1,200 miles of liquid routes. 90 pounds of yellow Kevlar canoes. Three days without access to civilization. 15 years since my mother first decided that her ideal family vacation would involve prehistoric-sized mosquitoes, dehydrated hashbrowns, and the world’s most unstable form of water transportation. Welcome to the Boundary Waters of Minnesota and Canada.
Rule #1: Whatever you carry in, you carry out. Our gear includes a small gas stove (we cannot cut live vegetation for firewood); two rolls of toilet paper (that must be buried in a hole 6-8 inches deep); and biodegradable dish soap (to rinse off cooking utensils, at least 150 feet from all lakes and streams).
Entrance to the Boundary Waters Canoe Area Wilderness is heavily controlled by a system of permits, monitored by the U.S. Forest Service. Guests can either apply individually, or through one of the 80+ licensed outfitters operating from both the US and Canadian shores.
The Mutchler Clan suffers from the Curse of Disastrous Family Vacations. Hearing my parents argue about our location – “Have we passed these trees before?” “I don’t know, aren’t you reading the map?” – is foreshadowing of what’s to come…
Rule #2: Never attempt to take rapids going upstream. I was about to capture the hilarity of their massive spill, when I realized my father was stuck under the canoe and unable to breath…
The Boundary Waters “…allows visitors to canoe, portage and camp in the spirit of the French Voyageurs of 200 years ago.”
Covering over 1 million acres, the Boundary Waters has some 2,000 designated camp sites available on a first-come, first-serve basis. When we discover a spot overlooking Clear Lake, we are pleased to find this “outhouse”; however, we’ll still have to pack our feces-stained t.p. back to Ely when the trip is done.
Every night, any dinner remains and items that smelled of food must be hoisted into a tree away from our tents. Because Black Bears, (those sneaky late-night thieves), have been known to jump from branches onto the food bags, ours needs to hang at least 12 feet off the ground and 10 feet away from the trunk. This also keeps it away from the moose, deer, beaver, bobcats, wolves and lynx native to the region.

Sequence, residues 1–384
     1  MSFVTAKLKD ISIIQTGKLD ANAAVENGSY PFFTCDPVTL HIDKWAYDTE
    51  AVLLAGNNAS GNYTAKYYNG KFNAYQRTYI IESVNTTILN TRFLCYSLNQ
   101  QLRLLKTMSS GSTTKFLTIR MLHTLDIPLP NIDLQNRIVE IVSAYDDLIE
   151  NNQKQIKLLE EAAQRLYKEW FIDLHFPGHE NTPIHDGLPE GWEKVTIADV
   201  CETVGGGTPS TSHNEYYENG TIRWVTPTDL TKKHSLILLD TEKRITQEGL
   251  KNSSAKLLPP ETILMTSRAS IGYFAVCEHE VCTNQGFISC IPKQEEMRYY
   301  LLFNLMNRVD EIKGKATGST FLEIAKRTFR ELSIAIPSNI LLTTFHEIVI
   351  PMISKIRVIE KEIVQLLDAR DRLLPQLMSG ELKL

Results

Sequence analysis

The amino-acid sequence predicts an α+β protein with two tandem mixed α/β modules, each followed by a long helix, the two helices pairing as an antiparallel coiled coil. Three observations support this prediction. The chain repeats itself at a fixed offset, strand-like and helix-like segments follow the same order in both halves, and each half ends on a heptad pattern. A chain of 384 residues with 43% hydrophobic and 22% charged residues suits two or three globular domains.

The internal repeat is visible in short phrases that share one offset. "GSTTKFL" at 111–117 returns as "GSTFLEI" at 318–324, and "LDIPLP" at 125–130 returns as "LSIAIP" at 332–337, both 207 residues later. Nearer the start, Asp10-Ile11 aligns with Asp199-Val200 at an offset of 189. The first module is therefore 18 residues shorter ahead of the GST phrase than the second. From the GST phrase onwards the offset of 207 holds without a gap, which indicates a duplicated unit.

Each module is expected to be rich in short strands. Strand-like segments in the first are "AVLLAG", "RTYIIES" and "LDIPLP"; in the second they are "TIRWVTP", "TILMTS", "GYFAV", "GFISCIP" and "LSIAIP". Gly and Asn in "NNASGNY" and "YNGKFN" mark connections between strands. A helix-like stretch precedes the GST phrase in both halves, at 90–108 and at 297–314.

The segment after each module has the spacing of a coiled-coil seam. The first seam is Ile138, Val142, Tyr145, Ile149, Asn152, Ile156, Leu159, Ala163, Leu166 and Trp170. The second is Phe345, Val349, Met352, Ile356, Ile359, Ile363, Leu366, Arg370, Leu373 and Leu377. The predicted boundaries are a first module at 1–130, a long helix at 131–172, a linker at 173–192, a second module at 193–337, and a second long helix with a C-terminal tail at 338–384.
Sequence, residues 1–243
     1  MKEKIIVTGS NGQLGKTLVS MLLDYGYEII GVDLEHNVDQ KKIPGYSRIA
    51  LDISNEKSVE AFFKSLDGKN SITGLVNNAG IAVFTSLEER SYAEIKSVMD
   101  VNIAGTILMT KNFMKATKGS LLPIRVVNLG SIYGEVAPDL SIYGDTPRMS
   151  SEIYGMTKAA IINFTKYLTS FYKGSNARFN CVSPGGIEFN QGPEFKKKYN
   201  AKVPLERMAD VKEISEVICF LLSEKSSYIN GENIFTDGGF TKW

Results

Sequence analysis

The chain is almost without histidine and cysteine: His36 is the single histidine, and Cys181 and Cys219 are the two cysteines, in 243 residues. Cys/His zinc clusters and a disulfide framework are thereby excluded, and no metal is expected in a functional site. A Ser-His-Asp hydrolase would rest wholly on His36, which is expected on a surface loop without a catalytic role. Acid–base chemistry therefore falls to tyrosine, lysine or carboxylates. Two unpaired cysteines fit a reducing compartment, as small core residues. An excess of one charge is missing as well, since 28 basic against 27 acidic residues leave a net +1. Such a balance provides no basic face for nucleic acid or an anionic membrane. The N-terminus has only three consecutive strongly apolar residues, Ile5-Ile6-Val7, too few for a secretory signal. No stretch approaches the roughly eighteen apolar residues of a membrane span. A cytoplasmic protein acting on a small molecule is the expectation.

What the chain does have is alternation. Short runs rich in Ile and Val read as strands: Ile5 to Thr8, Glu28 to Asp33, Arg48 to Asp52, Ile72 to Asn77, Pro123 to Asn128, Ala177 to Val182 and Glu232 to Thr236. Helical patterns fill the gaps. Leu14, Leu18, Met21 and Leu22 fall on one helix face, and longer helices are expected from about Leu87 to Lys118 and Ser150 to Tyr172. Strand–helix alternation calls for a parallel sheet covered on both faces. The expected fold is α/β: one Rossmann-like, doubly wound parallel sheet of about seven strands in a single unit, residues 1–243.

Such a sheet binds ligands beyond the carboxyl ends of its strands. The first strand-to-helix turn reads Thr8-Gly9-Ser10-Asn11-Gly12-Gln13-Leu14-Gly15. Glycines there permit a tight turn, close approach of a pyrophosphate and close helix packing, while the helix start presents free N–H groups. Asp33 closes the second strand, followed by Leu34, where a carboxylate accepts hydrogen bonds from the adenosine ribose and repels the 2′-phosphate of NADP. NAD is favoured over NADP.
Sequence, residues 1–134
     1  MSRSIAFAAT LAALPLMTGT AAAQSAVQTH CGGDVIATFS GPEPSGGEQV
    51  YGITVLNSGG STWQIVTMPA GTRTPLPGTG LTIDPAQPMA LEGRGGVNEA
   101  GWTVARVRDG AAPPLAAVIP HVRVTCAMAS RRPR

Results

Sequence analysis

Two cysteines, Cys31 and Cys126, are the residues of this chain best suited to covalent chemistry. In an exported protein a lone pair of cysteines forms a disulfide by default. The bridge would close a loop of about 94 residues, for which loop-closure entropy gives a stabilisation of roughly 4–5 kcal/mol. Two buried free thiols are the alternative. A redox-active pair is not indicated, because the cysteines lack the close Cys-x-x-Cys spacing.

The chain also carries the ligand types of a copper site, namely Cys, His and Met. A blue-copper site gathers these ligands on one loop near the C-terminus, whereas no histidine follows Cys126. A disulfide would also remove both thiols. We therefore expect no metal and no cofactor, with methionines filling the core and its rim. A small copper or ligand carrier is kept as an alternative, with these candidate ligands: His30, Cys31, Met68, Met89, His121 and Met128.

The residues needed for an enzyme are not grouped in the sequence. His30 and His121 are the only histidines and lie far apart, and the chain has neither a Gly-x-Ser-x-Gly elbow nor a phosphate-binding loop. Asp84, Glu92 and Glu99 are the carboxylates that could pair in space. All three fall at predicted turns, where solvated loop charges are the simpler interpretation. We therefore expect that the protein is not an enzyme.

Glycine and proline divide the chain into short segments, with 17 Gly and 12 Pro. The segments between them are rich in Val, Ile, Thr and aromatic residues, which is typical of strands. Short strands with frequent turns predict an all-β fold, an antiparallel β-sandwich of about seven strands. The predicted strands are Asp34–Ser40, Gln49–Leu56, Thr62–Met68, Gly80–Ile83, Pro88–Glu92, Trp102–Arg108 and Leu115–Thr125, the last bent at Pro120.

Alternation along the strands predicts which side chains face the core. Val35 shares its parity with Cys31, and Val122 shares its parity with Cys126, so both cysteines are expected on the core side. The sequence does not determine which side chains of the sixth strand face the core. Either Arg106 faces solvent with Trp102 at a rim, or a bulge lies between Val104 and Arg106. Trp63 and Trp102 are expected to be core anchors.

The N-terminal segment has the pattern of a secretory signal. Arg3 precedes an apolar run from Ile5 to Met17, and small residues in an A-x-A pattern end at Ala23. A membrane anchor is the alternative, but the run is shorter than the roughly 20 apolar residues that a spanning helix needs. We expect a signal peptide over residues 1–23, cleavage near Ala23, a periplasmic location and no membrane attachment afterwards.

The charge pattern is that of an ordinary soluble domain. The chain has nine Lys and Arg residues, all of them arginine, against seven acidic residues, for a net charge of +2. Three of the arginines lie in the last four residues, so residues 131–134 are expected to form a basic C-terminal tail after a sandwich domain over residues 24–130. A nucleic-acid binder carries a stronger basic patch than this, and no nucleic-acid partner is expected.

The sun’s drowsy goodbye is always more beautiful without the distraction of electricity or artificial lighting. Unfortunately, this also means we can’t see the vampirical hordes of Minnesota mosquitoes, which attack with such strength that a trip to “Ol’ Number Four” inevitably results in 15 bites on inappropriate areas of your bum.
Rule #3: Don’t get possessive. “What are those people doing out there?” I demand to know one morning, irritated that someone else has dared to venture into eyesight. Though there are six other designated camp spots around Farm Lake, we rarely see another human. Isolated from man-made sounds or other people, we feel a special sense of belonging; and, perhaps, even temporary ownership…
Though our Moose Track hostess could not confirm, legally, that the water out here is safe to drink, we do anyway. It also teems with fish life- Walleye, Lake Trout, Pike, Crayfish, and my favorite, the Fiesty Smallmouth.
At the start of our trip – prior to the tipping canoe; the bug bites and dehydrated meals; days without showers and shoulder burns from portaging – my parents said “72 hours is not long enough! Next time we do this, we’ll stay a week.” Now, within a mile of Moose Tracks base camp, the theme has changed. “We’re too old for this!” “Raise your hand if you need a beer?” “I would, but I can’t feel my muscles anymore…”
Visit the US Forest Service for more information on fishing, camping and canoeing the Boundary Waters Canoe Area Wilderness.